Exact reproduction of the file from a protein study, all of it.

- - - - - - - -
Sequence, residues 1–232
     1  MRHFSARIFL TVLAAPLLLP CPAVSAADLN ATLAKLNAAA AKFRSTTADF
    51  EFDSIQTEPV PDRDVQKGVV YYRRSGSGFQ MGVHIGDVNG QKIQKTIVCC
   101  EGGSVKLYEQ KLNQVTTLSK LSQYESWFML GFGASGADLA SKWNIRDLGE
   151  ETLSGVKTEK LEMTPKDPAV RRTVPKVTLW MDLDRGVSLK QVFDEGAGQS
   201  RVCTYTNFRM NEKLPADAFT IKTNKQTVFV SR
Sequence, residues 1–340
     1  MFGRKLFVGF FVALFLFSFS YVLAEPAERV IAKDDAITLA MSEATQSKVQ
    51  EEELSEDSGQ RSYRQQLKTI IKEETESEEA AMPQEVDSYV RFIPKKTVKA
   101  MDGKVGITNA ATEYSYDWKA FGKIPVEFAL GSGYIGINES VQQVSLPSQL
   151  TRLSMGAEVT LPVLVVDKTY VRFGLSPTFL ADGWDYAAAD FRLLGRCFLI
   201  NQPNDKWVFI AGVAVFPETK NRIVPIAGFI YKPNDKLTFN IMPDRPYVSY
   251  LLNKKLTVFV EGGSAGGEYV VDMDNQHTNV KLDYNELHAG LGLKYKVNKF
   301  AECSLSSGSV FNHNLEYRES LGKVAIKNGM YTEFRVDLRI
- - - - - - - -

Sequence, residues 1–232
     1  MRHFSARIFL TVLAAPLLLP CPAVSAADLN ATLAKLNAAA AKFRSTTADF
    51  EFDSIQTEPV PDRDVQKGVV YYRRSGSGFQ MGVHIGDVNG QKIQKTIVCC
   101  EGGSVKLYEQ KLNQVTTLSK LSQYESWFML GFGASGADLA SKWNIRDLGE
   151  ETLSGVKTEK LEMTPKDPAV RRTVPKVTLW MDLDRGVSLK QVFDEGAGQS
   201  RVCTYTNFRM NEKLPADAFT IKTNKQTVFV SR
Sequence, residues 1–340
     1  MFGRKLFVGF FVALFLFSFS YVLAEPAERV IAKDDAITLA MSEATQSKVQ
    51  EEELSEDSGQ RSYRQQLKTI IKEETESEEA AMPQEVDSYV RFIPKKTVKA
   101  MDGKVGITNA ATEYSYDWKA FGKIPVEFAL GSGYIGINES VQQVSLPSQL
   151  TRLSMGAEVT LPVLVVDKTY VRFGLSPTFL ADGWDYAAAD FRLLGRCFLI
   201  NQPNDKWVFI AGVAVFPETK NRIVPIAGFI YKPNDKLTFN IMPDRPYVSY
   251  LLNKKLTVFV EGGSAGGEYV VDMDNQHTNV KLDYNELHAG LGLKYKVNKF
   301  AECSLSSGSV FNHNLEYRES LGKVAIKNGM YTEFRVDLRI